DECC publishes new water source heat map

The Department for Energy & Climate Change (DECC) has published a national water source heat map which highlights the significant opportunities that exist for more open water heat pump installations across the country.

Ed Davey (centre) is shown the Kingston Heights Open Water Heat Pump by Mike Spenser-Morris of NHP Leisure Developments (left) and Donald Daw from Mitsubishi Electric

Ed Davey (centre) is shown the Kingston Heights Open Water Heat Pump by Mike Spenser-Morris of NHP Leisure Developments (left) and Donald Daw from Mitsubishi Electric

The new map, unveiled earlier this month, has been developed for local authorities, community groups and private developers in order to highlight potential uses of the innovative energy generation systems at larger scales. (Scroll down to view map).

It identifies the areas of high heat demand, adjacent to rivers, with sufficiently high flow rates, also highlighting particular locations that are sensitive to environmental factors.

Energy and Climate Change Secretary Ed Davey said: "It sounds like magic but using proven technology we can now extract some of the heat in our rivers and estuaries and use that energy to heat our homes and offices.

"I want to help communities across England use our waterways for this renewable heat and this new map is designed to help communities, councils and developers identify the most promising opportunities. If we can succeed on the large scale, it would cut Britain's import bill and boost our home-grown supplies of clean, secure energy."

Kingston Heights

The Department was tasked with the preparation of the map by Davey when he formally switched on the award-winning Kingston Heights Open Water Heat Pump community heating system in October last year.

The pioneering £70 million, mixed-use development in the heart of Kingston-upon-Thames harvests renewable, low-grade heat from the Thames and transfers it 200m from the river to the development's 137 apartments and 142-bed hotel and conference centre where it is utilised to provide all the development's heating, hot water and cooling requirements.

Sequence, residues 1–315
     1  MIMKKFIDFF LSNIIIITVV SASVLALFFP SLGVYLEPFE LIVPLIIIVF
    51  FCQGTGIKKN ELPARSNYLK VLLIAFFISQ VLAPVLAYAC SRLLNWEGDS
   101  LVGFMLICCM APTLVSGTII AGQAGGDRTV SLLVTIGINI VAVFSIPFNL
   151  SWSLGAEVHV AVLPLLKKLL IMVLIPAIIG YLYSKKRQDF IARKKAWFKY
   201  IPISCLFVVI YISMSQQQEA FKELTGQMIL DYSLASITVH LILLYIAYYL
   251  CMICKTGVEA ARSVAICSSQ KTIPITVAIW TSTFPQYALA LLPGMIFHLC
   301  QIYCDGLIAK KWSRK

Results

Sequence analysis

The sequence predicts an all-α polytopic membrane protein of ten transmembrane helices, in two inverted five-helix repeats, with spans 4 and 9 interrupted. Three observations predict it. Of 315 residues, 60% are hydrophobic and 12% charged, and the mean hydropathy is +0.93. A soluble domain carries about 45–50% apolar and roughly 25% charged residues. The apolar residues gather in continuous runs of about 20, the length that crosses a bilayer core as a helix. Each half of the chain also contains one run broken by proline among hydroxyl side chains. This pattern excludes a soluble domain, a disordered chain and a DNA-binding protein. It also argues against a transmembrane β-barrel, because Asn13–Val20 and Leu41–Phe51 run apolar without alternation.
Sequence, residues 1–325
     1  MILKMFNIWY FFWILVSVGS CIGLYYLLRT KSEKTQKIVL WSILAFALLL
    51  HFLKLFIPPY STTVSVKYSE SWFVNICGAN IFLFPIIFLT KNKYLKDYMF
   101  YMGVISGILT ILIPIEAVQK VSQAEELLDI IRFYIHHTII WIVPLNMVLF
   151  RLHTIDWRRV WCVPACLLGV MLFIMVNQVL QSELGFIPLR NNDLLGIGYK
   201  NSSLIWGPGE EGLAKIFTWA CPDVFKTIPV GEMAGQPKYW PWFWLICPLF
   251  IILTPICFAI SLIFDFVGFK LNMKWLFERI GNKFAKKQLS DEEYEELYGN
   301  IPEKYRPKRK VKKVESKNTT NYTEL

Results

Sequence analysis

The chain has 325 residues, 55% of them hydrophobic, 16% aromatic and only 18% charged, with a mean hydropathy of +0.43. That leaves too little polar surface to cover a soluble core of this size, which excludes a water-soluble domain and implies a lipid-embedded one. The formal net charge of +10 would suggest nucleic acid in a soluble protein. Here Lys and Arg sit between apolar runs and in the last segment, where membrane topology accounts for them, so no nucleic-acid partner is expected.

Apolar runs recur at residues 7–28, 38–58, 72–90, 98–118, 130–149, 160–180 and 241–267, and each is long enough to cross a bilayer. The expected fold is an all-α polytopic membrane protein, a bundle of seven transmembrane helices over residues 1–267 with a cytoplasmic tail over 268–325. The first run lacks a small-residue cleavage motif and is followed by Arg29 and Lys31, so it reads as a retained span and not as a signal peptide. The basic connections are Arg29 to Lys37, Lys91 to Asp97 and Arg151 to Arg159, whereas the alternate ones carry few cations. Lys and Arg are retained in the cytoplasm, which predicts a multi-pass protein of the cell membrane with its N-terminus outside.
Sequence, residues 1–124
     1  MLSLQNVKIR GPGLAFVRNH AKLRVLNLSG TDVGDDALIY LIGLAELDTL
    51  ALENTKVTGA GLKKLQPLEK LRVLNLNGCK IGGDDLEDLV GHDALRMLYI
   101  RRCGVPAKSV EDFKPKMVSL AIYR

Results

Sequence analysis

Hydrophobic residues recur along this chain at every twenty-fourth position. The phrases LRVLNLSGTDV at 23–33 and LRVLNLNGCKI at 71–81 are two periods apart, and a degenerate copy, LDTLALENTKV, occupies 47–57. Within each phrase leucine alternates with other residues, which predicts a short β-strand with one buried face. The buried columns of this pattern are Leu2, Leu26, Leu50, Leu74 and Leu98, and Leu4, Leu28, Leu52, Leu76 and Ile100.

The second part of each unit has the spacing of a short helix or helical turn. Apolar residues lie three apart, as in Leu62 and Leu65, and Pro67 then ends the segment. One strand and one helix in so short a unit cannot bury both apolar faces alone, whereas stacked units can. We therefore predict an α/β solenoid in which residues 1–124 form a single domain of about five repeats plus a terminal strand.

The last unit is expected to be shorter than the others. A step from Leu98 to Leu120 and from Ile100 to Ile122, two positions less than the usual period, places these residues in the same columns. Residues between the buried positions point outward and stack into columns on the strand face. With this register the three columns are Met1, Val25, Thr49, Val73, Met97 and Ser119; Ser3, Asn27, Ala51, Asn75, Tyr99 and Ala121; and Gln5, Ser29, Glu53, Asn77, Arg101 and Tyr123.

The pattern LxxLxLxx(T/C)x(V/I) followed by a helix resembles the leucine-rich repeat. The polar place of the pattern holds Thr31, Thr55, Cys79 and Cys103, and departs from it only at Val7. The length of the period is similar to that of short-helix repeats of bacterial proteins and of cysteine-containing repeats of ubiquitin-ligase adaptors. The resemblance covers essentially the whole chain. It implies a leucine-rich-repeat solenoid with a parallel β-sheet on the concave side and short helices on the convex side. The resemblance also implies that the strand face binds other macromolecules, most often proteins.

Mike Spenser-Morris, managing director of NHP Leisure Developments and the visionary behind the scheme, said: "I always knew that what we were doing in Kingston could be easily replicated and I was delighted when the Secretary of State and his officers at DECC decided to map out the potential for the country.

"Kingston Heights points the way to the use of the virtually unlimited store of solar energy which is lying dormant in the heart of our towns and cities."

Prime examples

Spenser-Morris has since set up The Zero Carbon Partnership to assist other potential adopters of the technology by sharing the extensive experience gained from the Kingston Heights project.

Earlier this year, edie reported that the National Trust had slashed its environmental footprint by switching on the UK's largest marine-source heat pump at a country house in North Wales.

And earlier this week, leading academic Professor Paul Younger called for Scotland to follow Norway's lead and use heat pump technology to provide large-scale, low-carbon heat.

"It's now time for Scotland to focus its attention on the potential for heat pump technology to deliver low-carbon heat at reasonable cost," said Younger. "After all, we should be making the most of one thing Scotland will always have in super-abundance: water."

UK Water Source Heat Map

Luke Nicholls


DECC | ed davey | national trust


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